Younger drivers making a name for themselves in Unlimited Hydroplane racing - NBC Right Now/KNDO/KNDU Tri-Cities, Yakima, WA |

Younger drivers making a name for themselves in Unlimited Hydroplane racing

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Brian Perkins after winning his first heat in the U-50 Spirit of the Navy - PHOTO:  Jim Simpson Brian Perkins after winning his first heat in the U-50 Spirit of the Navy - PHOTO: Jim Simpson
SEATTLE, Wash. - The kids may be catching up to the kings of the hydroplanes.

Steve David, driver of the Oh Boy! Oberto boat, enters this weekend's Chevrolet Cup at Seafair fresh off a victory in the Columbia Cup in Kennewick.

David, the defending champion of the Seafair regatta, is having the best year of his career. With two events remaining on the 2008 racing schedule he is on top of the point standings.

David is enjoying success at an age when most professional sports figures are golfing and well into retirement. He is 54, the same age as Dave Villwock, driver of Ellstrom E-Lam Plus. Villwock was the national champion driver in 2007.

But the sport viewed to favor older drivers with years of experience in smaller classes is changing. Several young upstarts are demonstrating their ability to compete with the established veterans: Jeff Bernard, J. Michael Kelly, Brian Perkins and Jimmy Shane are all in their 20s.

That's fine with David.

"When you look at it from a legacy standpoint, it's comforting to know we have sharp young drivers coming along," he said this week in advance of Friday's first qualifying heats on Lake Washington and Sunday's finals. "We have young fans and they'll be able to relate to the young drivers."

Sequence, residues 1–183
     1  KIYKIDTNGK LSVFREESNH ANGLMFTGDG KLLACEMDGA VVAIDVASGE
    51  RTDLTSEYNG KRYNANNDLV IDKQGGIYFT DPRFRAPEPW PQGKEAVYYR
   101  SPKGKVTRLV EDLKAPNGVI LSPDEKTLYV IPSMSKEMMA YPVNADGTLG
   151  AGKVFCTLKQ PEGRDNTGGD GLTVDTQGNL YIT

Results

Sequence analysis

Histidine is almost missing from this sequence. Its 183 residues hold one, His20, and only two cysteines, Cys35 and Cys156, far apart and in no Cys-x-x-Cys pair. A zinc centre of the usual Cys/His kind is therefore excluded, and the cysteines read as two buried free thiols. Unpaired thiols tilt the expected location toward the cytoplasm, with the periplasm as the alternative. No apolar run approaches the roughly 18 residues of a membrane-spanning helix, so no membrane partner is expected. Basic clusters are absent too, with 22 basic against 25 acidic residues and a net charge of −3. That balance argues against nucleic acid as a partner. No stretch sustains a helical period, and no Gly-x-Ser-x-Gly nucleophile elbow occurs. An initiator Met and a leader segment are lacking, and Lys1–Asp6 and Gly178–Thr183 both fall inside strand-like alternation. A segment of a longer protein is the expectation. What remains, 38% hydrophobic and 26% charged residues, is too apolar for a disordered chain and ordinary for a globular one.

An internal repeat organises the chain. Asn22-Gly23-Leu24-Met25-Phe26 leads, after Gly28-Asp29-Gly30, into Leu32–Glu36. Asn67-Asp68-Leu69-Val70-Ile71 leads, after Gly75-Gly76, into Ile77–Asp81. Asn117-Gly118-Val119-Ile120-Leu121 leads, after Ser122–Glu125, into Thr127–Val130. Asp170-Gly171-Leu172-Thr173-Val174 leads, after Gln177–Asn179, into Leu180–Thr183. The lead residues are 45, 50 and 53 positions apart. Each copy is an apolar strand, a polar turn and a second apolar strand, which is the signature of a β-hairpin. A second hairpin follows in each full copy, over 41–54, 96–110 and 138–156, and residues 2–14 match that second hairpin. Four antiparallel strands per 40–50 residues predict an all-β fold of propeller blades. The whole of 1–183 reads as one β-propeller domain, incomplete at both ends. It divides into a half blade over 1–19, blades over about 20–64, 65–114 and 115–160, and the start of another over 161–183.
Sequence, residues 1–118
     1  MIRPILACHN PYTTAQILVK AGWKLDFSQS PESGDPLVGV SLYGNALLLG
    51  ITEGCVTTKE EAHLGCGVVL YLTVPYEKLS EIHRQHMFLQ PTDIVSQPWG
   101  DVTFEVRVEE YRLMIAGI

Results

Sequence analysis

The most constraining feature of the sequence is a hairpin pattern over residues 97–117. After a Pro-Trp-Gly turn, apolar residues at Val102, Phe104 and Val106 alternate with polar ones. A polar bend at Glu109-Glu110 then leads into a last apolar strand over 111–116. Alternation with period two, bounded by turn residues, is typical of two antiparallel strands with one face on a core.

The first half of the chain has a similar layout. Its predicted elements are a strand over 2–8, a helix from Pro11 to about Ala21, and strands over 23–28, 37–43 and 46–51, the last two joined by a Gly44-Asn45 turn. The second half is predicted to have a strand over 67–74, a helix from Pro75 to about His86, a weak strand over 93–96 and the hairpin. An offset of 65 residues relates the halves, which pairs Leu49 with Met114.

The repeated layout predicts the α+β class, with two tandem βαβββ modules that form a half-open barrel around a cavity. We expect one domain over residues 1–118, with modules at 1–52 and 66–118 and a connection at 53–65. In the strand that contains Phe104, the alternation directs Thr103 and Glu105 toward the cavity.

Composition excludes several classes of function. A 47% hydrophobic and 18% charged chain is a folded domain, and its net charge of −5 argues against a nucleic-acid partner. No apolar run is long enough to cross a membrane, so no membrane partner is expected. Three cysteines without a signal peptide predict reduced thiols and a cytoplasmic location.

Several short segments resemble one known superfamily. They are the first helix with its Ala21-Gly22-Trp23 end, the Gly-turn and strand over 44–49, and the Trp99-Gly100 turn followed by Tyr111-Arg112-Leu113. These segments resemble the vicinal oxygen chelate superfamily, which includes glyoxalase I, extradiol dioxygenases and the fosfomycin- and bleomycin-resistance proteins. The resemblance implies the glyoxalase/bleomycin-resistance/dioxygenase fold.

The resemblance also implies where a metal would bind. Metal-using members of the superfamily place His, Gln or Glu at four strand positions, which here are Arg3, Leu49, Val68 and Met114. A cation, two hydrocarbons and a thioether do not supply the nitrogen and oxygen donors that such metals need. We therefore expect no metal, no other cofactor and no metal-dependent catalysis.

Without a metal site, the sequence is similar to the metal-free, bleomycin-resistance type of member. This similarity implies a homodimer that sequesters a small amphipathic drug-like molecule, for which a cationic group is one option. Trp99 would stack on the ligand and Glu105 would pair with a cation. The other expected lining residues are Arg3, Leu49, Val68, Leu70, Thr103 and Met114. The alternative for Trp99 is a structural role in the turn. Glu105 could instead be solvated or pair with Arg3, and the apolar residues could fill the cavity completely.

Unlimited hydroplane racing has always been home to drivers of all ages. Billy Schumacher, owner of Miss Beacon Plumbing, was only 18 when he began driving unlimiteds in 1961. Walt Kade was 68 when he drove in the 1972 Gold Cup.

"It's neat racing against a guy like Steve David, because I grew up watching him and cheering for him," said the 23-year-old Bernard, the driver of

He is second to David in point standings, and won the race at Madison, Ind., in early July.

"He would stop what he was doing and make time for kids," Bernard said of David.

Kids such as Bernard. When Bernard was about 9 years old, he sat in the cockpit of the boat David was driving at the time. More recently, David has been a mentor to Bernard.

Kelly, a 29-year-old who drives the Graham Trucking boat, believes the younger drivers have to prove themselves to the veterans before truly belonging among them on the hydros circuit.

"I think the older drivers are OK with younger drivers, as long as they show they can handle themselves," Kelly said.

Brian Perkins, 23, is in his first full season aboard Albert Lee Appliances and is also a David protege. He equates sharing the water with the sport's legends to sharing a basketball court with perhaps the best hoopster of all time.

"This has been an all-time dream. I never thought I'd be able to do it," Perkins said, gushing. "It's like playing basketball with Michael Jordan. I get to race boats with Steve David."

Perkins talks with David at least once between each race. The conversations are obviously paying dividends - Perkins finished second to David in last weekend's Columbia Cup.

David Williams, Perkins' teammate and driver of Miss Lakeridge Paving, is 50. He welcomes the youth movement.

"Our audience is kids, teenagers, and young adults," he said. "It's easier for a young adult to identify with a 23-year-old driver than with a 50-year-old driver."

Associated Press